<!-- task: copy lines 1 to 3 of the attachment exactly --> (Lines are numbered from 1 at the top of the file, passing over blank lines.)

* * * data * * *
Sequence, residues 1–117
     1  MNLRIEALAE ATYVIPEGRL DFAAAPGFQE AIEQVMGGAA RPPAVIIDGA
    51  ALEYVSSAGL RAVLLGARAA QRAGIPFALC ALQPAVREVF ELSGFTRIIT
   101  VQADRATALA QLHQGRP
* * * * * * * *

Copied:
Sequence, residues 1–117
     1  MNLRIEALAE ATYVIPEGRL DFAAAPGFQE AIEQVMGGAA RPPAVIIDGA
    51  ALEYVSSAGL RAVLLGARAA QRAGIPFALC ALQPAVREVF ELSGFTRIIT